Saturday. The old cliche about music critics, that we are all frustrated performers, comes to roost with this rock-press contingent. Already the rock press divides into two camps. There are the graybeards here, pushing 30, the people who had interviewed the Stones in 1965. And there are the youngsters, whose greatest tragedy seems to be that they are so young that they think of themselves as rock performers when the world around them tells them that rock is a dying art. They write about their heads, and they think they are writing about the music; the only way they can write in other words, is by identifying. Ellen Willis and a few "older" writers manage to relate their heads to the music at hand, or maybe it's just that they've already heard so much that perspective has unwittingly come to them. But the youngsters do not yet live in this world, but in another which they have shakily imagined. They rush from one rock event to another: seven, eight in a day, matters not; the music becomes their iron lung. Ron's luggage has been found; we all breathe easier.
At five we pile into our bus for the trip to Aylesbury, 40 miles north, where David Bowie is doing a one-night stand at the Friars, which I gather is to English rock what the Manger at Bethlehem was to Christianity. I take my camera along to shoot English countryside on the way, and end up with a depressing series of English row houses which I could have shot in Astoria. Dinner is at the Kings Inn, built in the 1500s, with roast beef and vulcanized Yorkshire pudding built not much later.
The Friars is a large theater, about the size of Fillmore East. There are no seats and no air. The crowd is mostly 18 to 25, wonderfully well behaved considering, combining decorum and wild enthusiasm in a mix that seems to be beyond most American audiences. Bowie is brought out to the alla marcia from the Beethoven Ninth (on tape). He is in a green-and-salmond-Day-Glo pantsuit, his hair dyed a blinding (Clockwork) orange. He is a pretty good singer, I guess, singing pretty good songs, but the show bigger than the music. The "fag" come on is not the whole of it; as a performer he is aggressive, not at all fem. Actually, his appearance is more that of, say, Julie Harris in Member of the Wedding; what it is is a mechanized, no-sex-all-sex presence. There is a lot of superficial turn-on stuff involving a series of sexual attacks of increasing intensity by David on his lead guitarist. Later in the show he switches into an oo-la-la white satin outfit with sashes a-flying. One of his lines "Somewhere, Waiting in the Sky" actually begins with a melodic steal out of "Over the Rainbow." But it isn't a show for Judy-heads, nor is there much of that element in the audience. It is, rather, sort of all-purpose decadent; the analogy, at this late date in the Rock Age, is the decline of Periclean age into the Hellenistic. And then it hits me as an even more horrible thought that I am attending the nominating convention for England's first president and I go out to Aylesbury Common for some fresh air. There is a sign outside the Friars: "Hearing Tests and Miniature Hearing Aids at Borough Assembly Hall."
I return for the last few minutes. David is dashing around the steaming stage, the coloured spotlights changing him from one species of creature to another, the strobe lights adding to the illusion of a pageant of wind-up dolls. His songs have a nice, folkish melodic arch to them, and the words (about little people on the edge of big thoughts) are simplistic in the charming way that some of Donovan's are. But the raucous hysteria of his backup group, which brings every song to where the musical line disappears and there are just long stretches of blooie-blooie, spoils all his points.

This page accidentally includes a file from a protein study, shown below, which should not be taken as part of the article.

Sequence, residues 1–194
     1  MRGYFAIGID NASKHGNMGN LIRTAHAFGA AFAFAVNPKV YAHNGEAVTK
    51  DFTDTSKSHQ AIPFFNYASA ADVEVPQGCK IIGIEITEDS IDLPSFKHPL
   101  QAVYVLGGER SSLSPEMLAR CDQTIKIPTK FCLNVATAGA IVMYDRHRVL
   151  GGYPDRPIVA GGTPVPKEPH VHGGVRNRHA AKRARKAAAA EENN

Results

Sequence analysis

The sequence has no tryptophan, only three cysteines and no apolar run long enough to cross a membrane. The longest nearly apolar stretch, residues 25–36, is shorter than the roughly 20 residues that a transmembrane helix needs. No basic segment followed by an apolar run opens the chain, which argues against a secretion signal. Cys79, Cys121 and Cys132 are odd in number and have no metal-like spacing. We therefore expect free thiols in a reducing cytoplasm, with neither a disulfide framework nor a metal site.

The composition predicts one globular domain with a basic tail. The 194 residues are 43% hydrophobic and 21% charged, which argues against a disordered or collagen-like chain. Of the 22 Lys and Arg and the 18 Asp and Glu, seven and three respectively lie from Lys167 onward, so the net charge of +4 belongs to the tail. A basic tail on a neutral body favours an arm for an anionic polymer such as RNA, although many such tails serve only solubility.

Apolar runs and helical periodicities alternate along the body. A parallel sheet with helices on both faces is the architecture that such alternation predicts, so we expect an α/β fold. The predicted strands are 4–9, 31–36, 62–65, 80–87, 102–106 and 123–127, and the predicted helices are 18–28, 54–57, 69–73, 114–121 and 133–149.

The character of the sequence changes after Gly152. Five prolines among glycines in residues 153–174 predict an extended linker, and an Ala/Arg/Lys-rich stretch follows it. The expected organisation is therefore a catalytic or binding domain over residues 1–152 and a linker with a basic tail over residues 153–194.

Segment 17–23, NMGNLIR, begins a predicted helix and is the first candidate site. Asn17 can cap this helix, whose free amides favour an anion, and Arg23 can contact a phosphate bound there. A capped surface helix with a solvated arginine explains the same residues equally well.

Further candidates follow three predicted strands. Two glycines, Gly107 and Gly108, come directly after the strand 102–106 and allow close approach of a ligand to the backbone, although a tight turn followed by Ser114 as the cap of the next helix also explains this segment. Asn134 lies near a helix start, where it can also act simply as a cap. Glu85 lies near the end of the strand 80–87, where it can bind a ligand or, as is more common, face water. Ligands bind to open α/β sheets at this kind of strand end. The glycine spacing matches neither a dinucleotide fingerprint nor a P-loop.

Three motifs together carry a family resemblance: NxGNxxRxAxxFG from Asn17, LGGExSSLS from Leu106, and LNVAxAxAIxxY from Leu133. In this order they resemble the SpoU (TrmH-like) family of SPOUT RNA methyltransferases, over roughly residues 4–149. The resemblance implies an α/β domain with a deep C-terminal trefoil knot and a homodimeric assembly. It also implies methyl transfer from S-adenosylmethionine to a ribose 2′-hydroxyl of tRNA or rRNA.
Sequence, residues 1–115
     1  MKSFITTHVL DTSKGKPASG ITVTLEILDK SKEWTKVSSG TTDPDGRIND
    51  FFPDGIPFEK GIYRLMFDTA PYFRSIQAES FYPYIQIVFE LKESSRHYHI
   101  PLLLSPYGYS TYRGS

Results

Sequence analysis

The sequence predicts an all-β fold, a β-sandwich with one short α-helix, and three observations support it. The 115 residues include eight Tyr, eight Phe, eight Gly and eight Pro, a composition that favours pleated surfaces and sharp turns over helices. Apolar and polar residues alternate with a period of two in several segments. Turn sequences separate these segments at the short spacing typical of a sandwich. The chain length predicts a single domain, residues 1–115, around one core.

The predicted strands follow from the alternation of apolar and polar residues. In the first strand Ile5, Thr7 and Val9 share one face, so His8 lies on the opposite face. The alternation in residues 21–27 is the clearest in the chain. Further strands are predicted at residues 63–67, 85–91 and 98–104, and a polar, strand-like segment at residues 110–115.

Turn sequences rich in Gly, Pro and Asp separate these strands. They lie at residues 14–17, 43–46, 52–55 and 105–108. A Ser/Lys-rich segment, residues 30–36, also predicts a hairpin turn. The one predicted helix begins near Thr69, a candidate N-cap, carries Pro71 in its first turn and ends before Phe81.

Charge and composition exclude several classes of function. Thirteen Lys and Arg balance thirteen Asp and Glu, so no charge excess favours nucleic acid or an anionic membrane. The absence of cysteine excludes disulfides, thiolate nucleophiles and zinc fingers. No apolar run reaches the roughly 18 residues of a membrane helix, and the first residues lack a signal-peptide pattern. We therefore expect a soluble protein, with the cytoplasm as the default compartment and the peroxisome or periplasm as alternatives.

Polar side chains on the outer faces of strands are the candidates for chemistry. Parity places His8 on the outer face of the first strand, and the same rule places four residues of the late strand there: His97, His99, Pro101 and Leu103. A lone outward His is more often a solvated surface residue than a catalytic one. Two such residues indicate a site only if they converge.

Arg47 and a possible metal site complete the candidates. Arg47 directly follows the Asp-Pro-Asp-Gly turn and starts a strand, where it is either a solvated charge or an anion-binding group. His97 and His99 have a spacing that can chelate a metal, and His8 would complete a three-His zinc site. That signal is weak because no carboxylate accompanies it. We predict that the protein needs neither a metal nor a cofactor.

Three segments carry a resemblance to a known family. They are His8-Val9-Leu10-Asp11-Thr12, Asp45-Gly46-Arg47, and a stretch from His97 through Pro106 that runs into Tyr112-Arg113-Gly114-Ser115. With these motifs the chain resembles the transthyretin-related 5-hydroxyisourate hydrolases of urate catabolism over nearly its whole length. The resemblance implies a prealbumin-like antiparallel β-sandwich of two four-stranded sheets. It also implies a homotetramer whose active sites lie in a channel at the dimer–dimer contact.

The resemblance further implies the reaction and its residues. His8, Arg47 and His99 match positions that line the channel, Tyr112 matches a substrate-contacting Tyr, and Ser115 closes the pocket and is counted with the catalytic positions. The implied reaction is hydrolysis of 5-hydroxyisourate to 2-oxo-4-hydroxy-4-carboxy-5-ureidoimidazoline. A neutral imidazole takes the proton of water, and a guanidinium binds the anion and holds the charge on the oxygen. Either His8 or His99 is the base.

The group finishes and walks off, and the MC says if we all applaud loud enough David will come back for an encore. If we all believe in fairies, in other words, Tinkerbell will be saved. Tinkerbell is saved.
The bus gets back to London at 1a.m. Half the contingent piles into taxis for somewhere north, where Iggy Pop and the Flaming Groovies are holding forth. I take my exhausted ears to bed.
Sunday. Haydn's Theresienmesse at St. Paul's, grand and ludicrous. Ludicrous because the sound drifting up into the dome and then out becomes as much a tonal hash as the mindless climaxes in all of Bowie's songs the night before. The sermon is nifty: there arc two kinds of love, our vertical love with God and our horizontal is love with other people. Then back to the real world. I didn't want to interview David, merely to sit in the room for a while and watch him talk to others. But I arrive when nobody else is there (except his wife and the RCA contingent), and so we talk - about his act as theater and/or music, about his American tour (Carnegie Hall September 28), about life. He is soft-spoken and reasonably intelligent (i.e., his sentences have beginnings and ends). Someone else asks him if he's queer. "I just like beautiful people," he says. I leave, and go sing hymns at Hyde Park Speakers' Corner. Later I learn that Bowie's wife, Angela, bit Lillian Roxon on the, er, bosom. "To prove that she's hip," according to Lillian.
Monday. In one of my favorite movies, Mafioso, a simple, decent Italian fellow is crated and shipped to New York for an hour or two' to take care of a Mafia contract, and then returned to his family as if nothing had happened. I begin to identify. Bleary with jet lag, I arrive at the office in mid-afternoon, where I run into Richard Goldstein, who was the the first rock critic I read with pleasure and who now tells me he's too old (28) to write about this stuff. Richard tells me about the great weekend he's just spent at Tanglewood, listening to Beethoven.
---This page last modified: 29 Jun 2002---